IdeaConference

BEST & WORST

Published on .

Creatives pick what irks 'em and what wows 'em. By Richard Kirshenbaum, Jamie Barrett, Sally Hogshead, Tracy Wong...and many others.

Marty Orzio, Executive Creative Director, Merkley Newman Harty, New York

Best and worst PSA

Best: Pro-choice public education project campaign, "Hanger," Devito/Verdi. This ad stands out. Its simplicity draws one in, and its message, regardless of one's beliefs, is provocative, if not chilling. Perhaps the execution is a little familiar, but that's probably only to someone in the ad business. Pro choice? I appreciate the alternative to the usual dreck on the subway.

Worst: Partnership for a Drug-Free America, "Heroin," Margeotes Fertitta. Familiarity breeds contempt. In other words, this is what happens when clients all too literally pool out an idea, in this case, the old "This is your brain on drugs" chestnut. The viewer makes the connection to the previous commercial and almost immediately senses where it's heading. As a result, there's no surprise, no chance for empathy. I've OD'd on it before it even ends.

Sally Hogshead, co-creative director, Robaire & Hogshead, Venice, Calif.

Best and worst source of inspiration

Best: Awards books, no question. Especially the ones from before 1983, when the statute of limitations on ripping off colleagues expired. Most of the people who did those ads are in alcohol rehab by now anyway. Foreign annuals are even better, like the Art Director's Club of Tunisia. You only have to go back three years there.

Worst: Knowing that our rent is due.

Tracy Wong, chairman/creative director, WongDoody, Seattle

Best and worst campaign

Best: Cliff Freeman's Outpost.com. It is outrageous, shameless, obtrusive and totally tasteless. It pulls out all the stops to drive people to the site no matter what the price. Particularly noteworthy is that you never really know what Outpost.com is. I can't believe the agency sold this, got it on the air and kept the client. The only campaign my in-laws in Ohio even bothered to mention during dinner conversation.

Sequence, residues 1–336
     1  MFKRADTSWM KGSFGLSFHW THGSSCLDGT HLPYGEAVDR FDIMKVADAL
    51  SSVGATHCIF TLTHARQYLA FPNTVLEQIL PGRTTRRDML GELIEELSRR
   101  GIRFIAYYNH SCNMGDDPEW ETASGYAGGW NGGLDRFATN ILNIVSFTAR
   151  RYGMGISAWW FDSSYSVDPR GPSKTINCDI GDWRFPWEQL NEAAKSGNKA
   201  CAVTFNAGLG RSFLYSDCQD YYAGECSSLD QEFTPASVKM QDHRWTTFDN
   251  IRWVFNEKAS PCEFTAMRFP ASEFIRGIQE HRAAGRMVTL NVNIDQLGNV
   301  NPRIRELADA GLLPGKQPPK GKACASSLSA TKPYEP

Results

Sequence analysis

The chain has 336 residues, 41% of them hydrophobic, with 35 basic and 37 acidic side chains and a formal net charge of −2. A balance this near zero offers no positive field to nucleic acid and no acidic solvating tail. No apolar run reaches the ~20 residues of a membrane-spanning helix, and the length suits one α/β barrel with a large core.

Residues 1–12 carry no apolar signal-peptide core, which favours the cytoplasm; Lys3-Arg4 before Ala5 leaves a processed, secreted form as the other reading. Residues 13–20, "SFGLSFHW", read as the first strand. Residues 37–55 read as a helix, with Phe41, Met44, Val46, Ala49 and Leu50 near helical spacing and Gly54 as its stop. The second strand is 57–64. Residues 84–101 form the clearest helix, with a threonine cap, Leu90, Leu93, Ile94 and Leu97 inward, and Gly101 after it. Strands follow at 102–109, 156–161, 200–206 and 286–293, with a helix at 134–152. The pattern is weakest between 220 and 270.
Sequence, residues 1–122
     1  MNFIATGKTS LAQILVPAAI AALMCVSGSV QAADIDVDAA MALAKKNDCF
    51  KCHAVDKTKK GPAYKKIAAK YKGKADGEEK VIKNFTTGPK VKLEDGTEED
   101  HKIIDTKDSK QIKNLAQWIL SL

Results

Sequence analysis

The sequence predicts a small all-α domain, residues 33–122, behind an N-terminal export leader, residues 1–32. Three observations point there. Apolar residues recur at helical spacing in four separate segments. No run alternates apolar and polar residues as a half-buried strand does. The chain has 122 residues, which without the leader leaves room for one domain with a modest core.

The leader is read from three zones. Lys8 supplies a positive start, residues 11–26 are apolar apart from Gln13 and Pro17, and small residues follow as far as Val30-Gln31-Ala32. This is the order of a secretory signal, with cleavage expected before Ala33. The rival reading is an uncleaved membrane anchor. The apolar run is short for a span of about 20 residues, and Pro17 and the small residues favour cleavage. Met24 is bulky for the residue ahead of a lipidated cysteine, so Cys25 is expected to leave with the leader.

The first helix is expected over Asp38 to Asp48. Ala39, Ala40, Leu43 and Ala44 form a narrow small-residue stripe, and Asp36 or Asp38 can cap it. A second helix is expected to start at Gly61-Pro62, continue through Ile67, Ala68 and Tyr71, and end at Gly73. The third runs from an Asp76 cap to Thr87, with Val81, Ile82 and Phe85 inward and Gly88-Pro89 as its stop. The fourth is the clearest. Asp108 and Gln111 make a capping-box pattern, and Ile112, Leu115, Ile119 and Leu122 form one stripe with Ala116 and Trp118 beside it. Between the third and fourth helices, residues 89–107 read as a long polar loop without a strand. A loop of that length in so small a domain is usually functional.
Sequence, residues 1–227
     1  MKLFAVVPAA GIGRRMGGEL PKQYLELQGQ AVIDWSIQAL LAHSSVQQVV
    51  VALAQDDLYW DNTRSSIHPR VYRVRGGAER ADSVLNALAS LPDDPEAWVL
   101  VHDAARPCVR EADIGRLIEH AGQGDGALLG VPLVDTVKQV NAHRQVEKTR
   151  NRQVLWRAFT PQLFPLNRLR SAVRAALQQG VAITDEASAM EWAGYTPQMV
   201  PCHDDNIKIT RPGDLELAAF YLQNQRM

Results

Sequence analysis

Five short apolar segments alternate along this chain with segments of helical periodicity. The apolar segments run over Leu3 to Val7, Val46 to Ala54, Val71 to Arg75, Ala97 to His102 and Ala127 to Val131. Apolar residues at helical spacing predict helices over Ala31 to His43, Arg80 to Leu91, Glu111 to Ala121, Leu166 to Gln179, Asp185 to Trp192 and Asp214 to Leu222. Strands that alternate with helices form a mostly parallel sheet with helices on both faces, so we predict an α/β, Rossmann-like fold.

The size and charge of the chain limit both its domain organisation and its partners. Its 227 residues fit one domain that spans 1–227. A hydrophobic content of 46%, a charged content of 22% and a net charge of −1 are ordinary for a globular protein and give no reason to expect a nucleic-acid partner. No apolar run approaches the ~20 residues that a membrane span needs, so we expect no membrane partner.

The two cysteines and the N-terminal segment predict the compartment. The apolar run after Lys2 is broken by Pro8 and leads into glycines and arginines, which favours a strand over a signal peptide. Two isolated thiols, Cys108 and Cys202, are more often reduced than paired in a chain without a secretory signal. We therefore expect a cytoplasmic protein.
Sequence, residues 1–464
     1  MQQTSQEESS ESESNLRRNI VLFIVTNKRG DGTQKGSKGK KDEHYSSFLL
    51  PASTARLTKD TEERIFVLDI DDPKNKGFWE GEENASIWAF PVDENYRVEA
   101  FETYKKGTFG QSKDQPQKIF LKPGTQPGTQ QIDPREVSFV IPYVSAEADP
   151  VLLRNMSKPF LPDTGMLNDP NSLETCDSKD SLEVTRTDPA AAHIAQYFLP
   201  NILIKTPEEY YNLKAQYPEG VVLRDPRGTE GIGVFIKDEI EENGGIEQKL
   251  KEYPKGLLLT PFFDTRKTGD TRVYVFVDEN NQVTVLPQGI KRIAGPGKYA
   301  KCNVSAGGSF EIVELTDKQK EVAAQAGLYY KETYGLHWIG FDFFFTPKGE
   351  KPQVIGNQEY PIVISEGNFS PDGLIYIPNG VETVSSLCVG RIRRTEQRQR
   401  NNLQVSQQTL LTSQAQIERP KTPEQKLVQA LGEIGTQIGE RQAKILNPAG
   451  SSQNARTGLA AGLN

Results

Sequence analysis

Worst: Cliff Freeman's Outpost.com. It is outrageous, shameless, obtrusive and totally tasteless. It pulls out all the stops to drive people to the site no matter what the price. Particularly noteworthy is that you never really know what Outpost.com is. I can't believe the agency sold this, got it on the air and kept the client. The only campaign my in-laws in Ohio even bothered to mention during dinner conversation.

Neil Powell, managing partner, Fallon McElligott/New York; design director,

Duffy Design

Best and worst design of a consumer product

Best: The freshest, most forward-thinking consumer product design I've seen this year is Nike's first watch, the Triax Running Watch by Astro Design. It has gigantic numbers on an elliptical face, and the strap fits to your wrist bone like an extension of your body. And the best part is that it comes in a mod plastic pod that reminds me of the eggs in Alien, with the watch waiting to be hatched.

Worst: Here's where it gets tricky. I just don't think it is fair to say a design is bad, because you never know the circumstances in which it was created. But I will say that you're in trouble if your product is served up with a "me too" design, which is neither innovative nor emotive. Copycat designs have a certain stench that most consumers can smell.